Friday, December 26, 2014

Thank you for all the love


From page B5 | February 14, 2013 |

Dear Readers: Happy Valentine’s Day to one and all, along with our special good wishes to the veterans in VA hospitals around the country. And our particular thanks to those readers who have taken the time to send valentines, visit the vets and volunteer at VA facilities. Bless each and every one of you.


Dear Annie: My older sister and I are both in our late 40s. After years of putting up with “Mary’s” nasty, critical comments and her tantrums when she doesn’t get her way, I am ready to cut all ties. The only problem is, Mary still has possession of a number of family photographs and jewelry that once belonged to our mother.

After our father passed away, we put all of the family stuff in storage. About a year later, Mary bought a condo in another city, packed everything up and took it with her. She never asked whether I wanted any of it or whether I minded that she took the contents of the storage locker. I had to fly to her city, rent a car and a trailer, and then go through everything, dividing up most of the estate.

Because I was living in a small apartment, we agreed that Mary would take care of the family albums until I got my own place. Fifteen years later, she still has them and ignores all requests to make copies. She has found new “reasons” why we cannot divide the more valuable pieces of jewelry. I have neither the time nor the money to visit her again, and I’m fed up with her delays and excuses. I can’t afford to take her to court, but how can I get her to share without resorting to legal measures? Those pictures mean a lot to me.

— Fed Up

Dear Fed Up: Of course Mary should share these things with you, but she apparently has no intention of cooperating voluntarily. You will either have to find a way to visit her and go through the photographs and jewelry, or take her to court. Visiting is probably cheaper, so start saving your money.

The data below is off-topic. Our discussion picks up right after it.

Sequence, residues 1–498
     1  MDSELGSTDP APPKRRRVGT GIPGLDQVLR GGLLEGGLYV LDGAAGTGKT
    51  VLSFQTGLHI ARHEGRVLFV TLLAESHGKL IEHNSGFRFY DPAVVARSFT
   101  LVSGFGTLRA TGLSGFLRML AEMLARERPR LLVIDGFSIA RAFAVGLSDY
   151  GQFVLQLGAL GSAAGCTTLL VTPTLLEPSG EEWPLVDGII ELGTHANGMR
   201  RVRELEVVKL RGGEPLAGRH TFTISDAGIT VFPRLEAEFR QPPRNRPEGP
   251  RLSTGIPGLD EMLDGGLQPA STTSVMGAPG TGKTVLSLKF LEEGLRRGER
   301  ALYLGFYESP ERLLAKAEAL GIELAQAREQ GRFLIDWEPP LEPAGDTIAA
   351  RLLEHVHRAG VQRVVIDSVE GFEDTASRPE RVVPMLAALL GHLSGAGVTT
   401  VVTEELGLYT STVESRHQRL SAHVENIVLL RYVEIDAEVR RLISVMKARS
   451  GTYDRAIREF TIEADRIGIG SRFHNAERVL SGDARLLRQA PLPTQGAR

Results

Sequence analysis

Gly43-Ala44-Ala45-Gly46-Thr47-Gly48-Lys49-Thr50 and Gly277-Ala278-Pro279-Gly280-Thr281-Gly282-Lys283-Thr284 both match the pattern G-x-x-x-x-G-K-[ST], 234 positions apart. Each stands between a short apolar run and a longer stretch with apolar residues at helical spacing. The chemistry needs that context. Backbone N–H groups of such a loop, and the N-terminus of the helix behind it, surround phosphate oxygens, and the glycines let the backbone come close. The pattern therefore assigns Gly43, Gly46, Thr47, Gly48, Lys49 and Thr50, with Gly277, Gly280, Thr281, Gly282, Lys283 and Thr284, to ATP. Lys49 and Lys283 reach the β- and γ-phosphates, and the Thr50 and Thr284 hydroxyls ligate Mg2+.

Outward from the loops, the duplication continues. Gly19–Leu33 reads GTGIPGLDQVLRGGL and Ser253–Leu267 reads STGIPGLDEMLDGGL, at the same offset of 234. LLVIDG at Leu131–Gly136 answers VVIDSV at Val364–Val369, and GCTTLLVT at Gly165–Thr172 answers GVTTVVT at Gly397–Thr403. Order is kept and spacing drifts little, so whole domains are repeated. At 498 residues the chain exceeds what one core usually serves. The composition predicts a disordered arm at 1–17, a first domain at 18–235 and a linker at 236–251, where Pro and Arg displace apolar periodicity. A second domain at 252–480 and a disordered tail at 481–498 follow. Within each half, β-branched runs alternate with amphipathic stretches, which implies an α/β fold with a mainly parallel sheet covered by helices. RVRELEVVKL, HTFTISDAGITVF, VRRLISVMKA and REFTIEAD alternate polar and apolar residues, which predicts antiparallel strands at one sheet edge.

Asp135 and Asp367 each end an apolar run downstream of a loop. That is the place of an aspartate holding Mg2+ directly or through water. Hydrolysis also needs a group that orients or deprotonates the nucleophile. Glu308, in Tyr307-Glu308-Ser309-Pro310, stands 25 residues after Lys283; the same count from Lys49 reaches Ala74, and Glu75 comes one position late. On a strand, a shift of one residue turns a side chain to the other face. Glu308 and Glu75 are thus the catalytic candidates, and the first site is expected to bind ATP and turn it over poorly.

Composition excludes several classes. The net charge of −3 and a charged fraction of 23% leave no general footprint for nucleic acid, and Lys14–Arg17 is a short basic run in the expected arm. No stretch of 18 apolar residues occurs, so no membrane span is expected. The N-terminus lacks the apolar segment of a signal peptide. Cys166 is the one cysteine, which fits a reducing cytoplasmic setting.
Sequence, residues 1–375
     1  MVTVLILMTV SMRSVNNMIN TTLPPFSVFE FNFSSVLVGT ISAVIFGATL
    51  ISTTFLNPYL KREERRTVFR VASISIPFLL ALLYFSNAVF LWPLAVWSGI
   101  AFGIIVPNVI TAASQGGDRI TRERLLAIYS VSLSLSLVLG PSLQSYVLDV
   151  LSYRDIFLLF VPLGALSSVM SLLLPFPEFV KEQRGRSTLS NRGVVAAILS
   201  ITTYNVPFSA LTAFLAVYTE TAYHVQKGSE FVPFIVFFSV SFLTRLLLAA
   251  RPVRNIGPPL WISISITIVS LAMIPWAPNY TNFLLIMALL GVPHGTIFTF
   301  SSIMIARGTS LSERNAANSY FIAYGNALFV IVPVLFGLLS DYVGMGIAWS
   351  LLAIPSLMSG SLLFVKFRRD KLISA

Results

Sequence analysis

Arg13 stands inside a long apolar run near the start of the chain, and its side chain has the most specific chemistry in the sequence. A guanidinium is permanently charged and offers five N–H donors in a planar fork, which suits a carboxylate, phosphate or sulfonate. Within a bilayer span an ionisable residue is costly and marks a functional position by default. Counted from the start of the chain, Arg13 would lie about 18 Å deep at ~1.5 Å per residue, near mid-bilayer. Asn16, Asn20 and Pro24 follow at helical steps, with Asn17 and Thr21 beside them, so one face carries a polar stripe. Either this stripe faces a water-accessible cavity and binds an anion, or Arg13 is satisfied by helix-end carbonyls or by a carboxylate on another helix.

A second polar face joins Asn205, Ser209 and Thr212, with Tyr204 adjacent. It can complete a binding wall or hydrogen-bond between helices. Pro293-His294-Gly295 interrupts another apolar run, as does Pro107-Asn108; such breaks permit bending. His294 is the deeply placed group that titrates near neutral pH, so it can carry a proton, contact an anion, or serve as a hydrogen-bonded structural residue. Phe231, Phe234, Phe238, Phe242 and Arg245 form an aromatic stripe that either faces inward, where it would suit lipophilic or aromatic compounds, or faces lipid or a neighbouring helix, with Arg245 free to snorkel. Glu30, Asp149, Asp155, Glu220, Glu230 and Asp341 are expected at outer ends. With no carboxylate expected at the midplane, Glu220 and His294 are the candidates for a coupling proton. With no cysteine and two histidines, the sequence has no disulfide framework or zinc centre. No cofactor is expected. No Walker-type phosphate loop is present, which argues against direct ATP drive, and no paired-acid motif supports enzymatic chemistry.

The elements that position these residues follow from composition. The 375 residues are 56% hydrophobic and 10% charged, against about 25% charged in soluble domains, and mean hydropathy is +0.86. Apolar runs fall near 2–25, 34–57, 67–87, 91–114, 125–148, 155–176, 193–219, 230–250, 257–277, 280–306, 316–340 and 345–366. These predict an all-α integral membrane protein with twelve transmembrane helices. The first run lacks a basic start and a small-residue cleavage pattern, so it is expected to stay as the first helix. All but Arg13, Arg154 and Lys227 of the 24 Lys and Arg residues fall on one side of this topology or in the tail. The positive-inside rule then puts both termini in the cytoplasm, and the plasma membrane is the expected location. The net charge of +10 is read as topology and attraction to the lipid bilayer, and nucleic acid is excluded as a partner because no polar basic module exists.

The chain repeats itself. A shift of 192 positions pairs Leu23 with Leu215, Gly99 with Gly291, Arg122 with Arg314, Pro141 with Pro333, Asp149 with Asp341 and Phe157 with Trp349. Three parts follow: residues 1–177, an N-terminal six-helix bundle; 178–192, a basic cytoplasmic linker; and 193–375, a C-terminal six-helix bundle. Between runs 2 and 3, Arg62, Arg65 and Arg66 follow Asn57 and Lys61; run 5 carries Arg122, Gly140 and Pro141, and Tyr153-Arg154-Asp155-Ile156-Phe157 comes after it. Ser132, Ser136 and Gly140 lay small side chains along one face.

Dear Annie: My husband and I find ourselves in an awkward situation. We recently moved to a retirement community. We enjoy entertaining and are seeking to make new friends. However, we find that when we go to other couples’ homes, the temperature is extremely uncomfortable.

We live in Florida, and even in the winter, it is at least 75 degrees and often humid. We keep the air conditioning on year-round. If the temperature drops, we turn it off and open the windows to allow fresh air in. Most of the homes we visit are all closed up with no air on and no windows open. It is so uncomfortable and humid, I can barely make it through the evening. When guests come to our home, we always make sure the room is temperate, and we ask whether our guests are comfortable.

At my last visit, I sat fanning myself all night, and when I casually mentioned that I was hot, the hostess made no effort to open a window. We don’t want to lose any friendships, but what happened to the days when you tried to make your guests comfortable for a few hours?

— Sticky Situation in Florida

Dear Sticky: Since you are new members of this community, it’s quite possible that your friends’ internal body temperatures have adjusted to the heat and humidity, but yours has not. They may find your home too cold, but are reluctant to say so. A secondary possibility is the cost of running the air conditioning. We suggest wearing lightweight clothing, and whenever possible, arrange meetings elsewhere.


Annie’s Mailbox is written by Kathy Mitchell and Marcy Sugar, longtime editors of the Ann Landers column. Email your questions to, or write to: Annie’s Mailbox, c/o Creators Syndicate, 737 3rd Street, Hermosa Beach, CA 90254. To find out more about Annie’s Mailbox and read features by other Creators Syndicate writers and cartoonists, visit the Creators Syndicate Web page at

— Creators Syndicate Inc.



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